52 ANCESTORS CHALLENGE – EASY

Signed checks by Elzie Chenoweth, Wm. Chenoweth, Elias Chenoweth and Dollie Chenoweth

Signed checks by Elzie Chenoweth, Wm. Chenoweth, Elias Chenoweth and Dollie Chenoweth

IMG_0703

Family history books of Salmans, France, Hulvey, and German families of Quincy, IL

Levi Franklin Salmans family

Levi Franklin Salmans family

They made it easy.  Really.  Whether it was asking questions to discover family members or tracing the genealogy of the family, they – my ancestors – made it easy.  They left records, notes, stories.  My Grandma Chenoweth had meticulously handwritten the names of her family on the back of photos.  She kept a diary also.   My Grandma Yess has handwritten the family genealogy. It was important we knew the stories of the family and knew where we came from. She wanted us to know how important it was we were related to the prolific Harrison family of Peoria county.  She wanted us to know even though her maiden name was Smith, it really should have been Schmitt.  Her grandparents had immigrated from Germany.

My parents are the current archivists of many of the family heirlooms.  This includes the old deeds, checks and pictures of the family.  It’s a true joy to rifle through the old family bible with records handwritten in German, read the letters written to my grandparents by a World War II soldier who used to work for them, and to gaze at the faces of family members.  Is it just me or do you see the same faces repeated over and over within a family?

One year for Christmas my parents gave my sister, my two cousins and I each a cancelled check from my grandfather, great grandfather and great grandmother and 2nd great grandfather.   I took those, along with photos of each of those individuals and a couple of the funeral cards from those family members and had them framed.  It’s interesting to see who the checks were written to and to compare the nearly identical signatures on the checks.

Many of the family photos have information typed or written on them much like the Levi Franklin Salmans photo above.  What a tool this is!  I can easily take this photo and compare it to the other loose photos within the box and separate out the different siblings and their children based on this photo.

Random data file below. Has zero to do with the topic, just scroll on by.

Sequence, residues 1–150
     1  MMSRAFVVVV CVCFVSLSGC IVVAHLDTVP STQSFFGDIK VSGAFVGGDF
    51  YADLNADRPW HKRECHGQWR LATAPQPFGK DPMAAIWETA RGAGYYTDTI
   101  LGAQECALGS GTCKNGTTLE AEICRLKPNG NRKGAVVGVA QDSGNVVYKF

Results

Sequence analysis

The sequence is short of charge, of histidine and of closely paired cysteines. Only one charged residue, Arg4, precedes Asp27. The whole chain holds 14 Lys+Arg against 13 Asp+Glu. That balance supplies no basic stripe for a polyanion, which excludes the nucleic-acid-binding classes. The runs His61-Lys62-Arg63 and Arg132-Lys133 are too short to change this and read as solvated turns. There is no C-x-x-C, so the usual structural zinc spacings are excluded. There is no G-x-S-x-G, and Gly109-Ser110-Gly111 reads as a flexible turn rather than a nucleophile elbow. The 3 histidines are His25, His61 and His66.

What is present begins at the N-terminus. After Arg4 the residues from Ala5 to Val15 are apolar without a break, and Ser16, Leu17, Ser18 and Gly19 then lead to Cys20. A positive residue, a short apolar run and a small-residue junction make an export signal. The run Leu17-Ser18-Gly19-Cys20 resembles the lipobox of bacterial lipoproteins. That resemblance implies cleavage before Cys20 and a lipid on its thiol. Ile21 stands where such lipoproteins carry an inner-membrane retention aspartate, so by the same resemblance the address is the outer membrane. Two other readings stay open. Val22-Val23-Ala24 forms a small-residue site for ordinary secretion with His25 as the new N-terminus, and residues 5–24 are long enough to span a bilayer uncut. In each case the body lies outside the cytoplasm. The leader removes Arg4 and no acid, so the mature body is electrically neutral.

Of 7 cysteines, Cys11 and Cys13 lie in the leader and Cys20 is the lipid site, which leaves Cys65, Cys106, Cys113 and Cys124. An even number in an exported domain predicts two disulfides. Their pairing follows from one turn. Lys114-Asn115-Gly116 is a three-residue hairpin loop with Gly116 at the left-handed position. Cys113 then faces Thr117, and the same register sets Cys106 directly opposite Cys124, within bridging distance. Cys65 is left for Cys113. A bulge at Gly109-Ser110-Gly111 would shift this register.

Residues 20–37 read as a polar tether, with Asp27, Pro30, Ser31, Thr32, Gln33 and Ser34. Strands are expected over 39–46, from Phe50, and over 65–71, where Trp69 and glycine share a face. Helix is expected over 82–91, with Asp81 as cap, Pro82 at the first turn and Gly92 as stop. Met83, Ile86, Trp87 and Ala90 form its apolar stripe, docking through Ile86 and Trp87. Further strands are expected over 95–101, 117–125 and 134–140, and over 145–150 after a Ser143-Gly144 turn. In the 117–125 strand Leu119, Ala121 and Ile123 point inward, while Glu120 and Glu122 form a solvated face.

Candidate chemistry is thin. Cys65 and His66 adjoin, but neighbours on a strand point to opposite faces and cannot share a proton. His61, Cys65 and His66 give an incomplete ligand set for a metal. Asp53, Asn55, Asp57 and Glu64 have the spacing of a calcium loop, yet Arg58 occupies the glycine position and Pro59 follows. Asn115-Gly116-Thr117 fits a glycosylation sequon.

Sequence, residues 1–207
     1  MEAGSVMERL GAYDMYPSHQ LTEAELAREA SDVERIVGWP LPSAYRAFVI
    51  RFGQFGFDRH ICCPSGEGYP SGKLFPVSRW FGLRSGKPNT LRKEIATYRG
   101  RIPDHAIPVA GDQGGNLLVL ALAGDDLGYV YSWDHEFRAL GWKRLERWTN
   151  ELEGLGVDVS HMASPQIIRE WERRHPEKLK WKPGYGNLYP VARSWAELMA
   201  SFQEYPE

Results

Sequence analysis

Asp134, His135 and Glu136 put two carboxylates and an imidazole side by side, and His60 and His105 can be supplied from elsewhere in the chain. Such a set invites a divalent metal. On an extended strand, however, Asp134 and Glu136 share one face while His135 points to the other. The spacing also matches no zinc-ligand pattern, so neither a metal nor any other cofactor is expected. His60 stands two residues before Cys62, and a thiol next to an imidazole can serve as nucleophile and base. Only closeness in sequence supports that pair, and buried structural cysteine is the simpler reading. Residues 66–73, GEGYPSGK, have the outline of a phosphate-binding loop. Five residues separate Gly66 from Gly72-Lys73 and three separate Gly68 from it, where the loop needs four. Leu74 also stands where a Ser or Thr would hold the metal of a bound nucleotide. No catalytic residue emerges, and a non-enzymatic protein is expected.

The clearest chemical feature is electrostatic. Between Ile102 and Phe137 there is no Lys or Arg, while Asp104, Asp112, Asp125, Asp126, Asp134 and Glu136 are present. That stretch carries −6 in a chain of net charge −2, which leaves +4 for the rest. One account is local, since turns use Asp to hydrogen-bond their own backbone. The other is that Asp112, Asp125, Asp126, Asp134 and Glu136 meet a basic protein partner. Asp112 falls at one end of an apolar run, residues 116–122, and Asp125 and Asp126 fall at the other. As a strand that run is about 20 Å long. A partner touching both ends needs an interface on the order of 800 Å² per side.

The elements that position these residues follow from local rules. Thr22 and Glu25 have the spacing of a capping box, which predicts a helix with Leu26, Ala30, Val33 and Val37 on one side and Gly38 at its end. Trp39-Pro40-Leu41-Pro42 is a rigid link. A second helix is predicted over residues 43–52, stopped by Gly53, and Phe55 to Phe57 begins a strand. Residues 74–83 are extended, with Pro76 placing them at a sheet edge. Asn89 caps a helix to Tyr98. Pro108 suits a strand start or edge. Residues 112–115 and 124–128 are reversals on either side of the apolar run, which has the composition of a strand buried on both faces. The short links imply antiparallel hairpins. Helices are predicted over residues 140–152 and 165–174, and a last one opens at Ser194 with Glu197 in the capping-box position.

The family stories are priceless.  Someone took time out of their busy day to reflect on what would be important to the family in the future.  They didn’t sugar coat the story, but told the reality of what life was like and the challenges they faced.  Those  pithy stories are what inspire us to persevere.

I’ve begun collecting recipes handwritten by my Mom, aunt, grandmothers and other family members . Recipes tell a surprising amount of information.  There’s Ethel’s Salad written in my Grandma Yess’ handwriting.  I’m not sure who Ethel was, but apparently Grandma liked her salad.  Other recipe cards refer to Aunt So & So’s German Chocolate Cake, or Cousin So & So’s bread and butter pickles. You can tell which recipes were the favorites by the stains on the card.

It may not seem very important to you today, but imagine how interesting it was for me to read my Grandma Vera Chenoweth’s diary and find out she had her FIRST decorated birthday cake at the age of 52!  I hadn’t ever considered the idea of how unique a decorated cake would  have seemed to her.  It gave me a perspective to think at age 54 how often I had a decorated cake for an occasion.

It was very easy to begin my journey to family genealogy thanks to those ancestors.  I vow to make it easy for my ancestors to find it easy also.  Hopefully this blog can be saved in perpetuity and someday my great great granddaughter can laugh at the picture of me in my high school basketball uniform.  My future grandson or granddaughter can grow to appreciate the stories of their ancestors as much as I have.

WRITE IT DOWN, please!  Write about your daily life. Write about your first experience at school, your first love, your first job, your biggest triumph or disappointment in life.  Share the good, the bad and the ugly, so to speak.  The more honest you are when writing, the more people understand what a complex creature you are and a treasure.

EASY

E – Elaborate – tell as much as you can

A – Acknowledge – share who was important to you.  First teacher who left an impact, a coach who pushed you, or a friend who stood by your side should be acknowledge.

S – Spell it out!  Write so that the person reading can piece together the relationships of those you are referring to.

Y – YOU – only YOU can leave this legacy. No one else can tell the story like you can.  Write when the notion hits you or do it every day.  Either will work, but just make sure to write and reflect.

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